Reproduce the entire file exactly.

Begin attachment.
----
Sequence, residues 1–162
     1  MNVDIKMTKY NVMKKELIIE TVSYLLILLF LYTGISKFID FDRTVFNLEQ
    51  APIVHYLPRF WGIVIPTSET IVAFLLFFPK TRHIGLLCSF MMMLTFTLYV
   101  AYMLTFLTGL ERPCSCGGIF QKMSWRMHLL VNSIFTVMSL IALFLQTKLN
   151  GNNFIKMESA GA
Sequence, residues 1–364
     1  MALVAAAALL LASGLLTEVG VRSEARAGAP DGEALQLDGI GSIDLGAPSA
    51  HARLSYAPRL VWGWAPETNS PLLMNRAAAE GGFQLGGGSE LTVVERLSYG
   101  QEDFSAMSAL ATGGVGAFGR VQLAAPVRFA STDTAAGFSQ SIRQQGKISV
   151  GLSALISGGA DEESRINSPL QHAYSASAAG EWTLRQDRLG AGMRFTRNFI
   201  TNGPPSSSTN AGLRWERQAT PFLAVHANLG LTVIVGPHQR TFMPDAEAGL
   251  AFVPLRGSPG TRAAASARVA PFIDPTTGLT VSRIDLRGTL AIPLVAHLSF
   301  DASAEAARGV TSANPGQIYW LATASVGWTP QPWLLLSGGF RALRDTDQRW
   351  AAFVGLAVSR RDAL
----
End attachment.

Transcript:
Sequence, residues 1–162
     1  MNVDIKMTKY NVMKKELIIE TVSYLLILLF LYTGISKFID FDRTVFNLEQ
    51  APIVHYLPRF WGIVIPTSET IVAFLLFFPK TRHIGLLCSF MMMLTFTLYV
   101  AYMLTFLTGL ERPCSCGGIF QKMSWRMHLL VNSIFTVMSL IALFLQTKLN
   151  GNNFIKMESA GA
Sequence, residues 1–364
     1  MALVAAAALL LASGLLTEVG VRSEARAGAP DGEALQLDGI GSIDLGAPSA
    51  HARLSYAPRL VWGWAPETNS PLLMNRAAAE GGFQLGGGSE LTVVERLSYG
   101  QEDFSAMSAL ATGGVGAFGR VQLAAPVRFA STDTAAGFSQ SIRQQGKISV
   151  GLSALISGGA DEESRINSPL QHAYSASAAG EWTLRQDRLG AGMRFTRNFI
   201  TNGPPSSSTN AGLRWERQAT PFLAVHANLG LTVIVGPHQR TFMPDAEAGL
   251  AFVPLRGSPG TRAAASARVA PFIDPTTGLT VSRIDLRGTL AIPLVAHLSF
   301  DASAEAARGV TSANPGQIYW LATASVGWTP QPWLLLSGGF RALRDTDQRW
   351  AAFVGLAVSR RDAL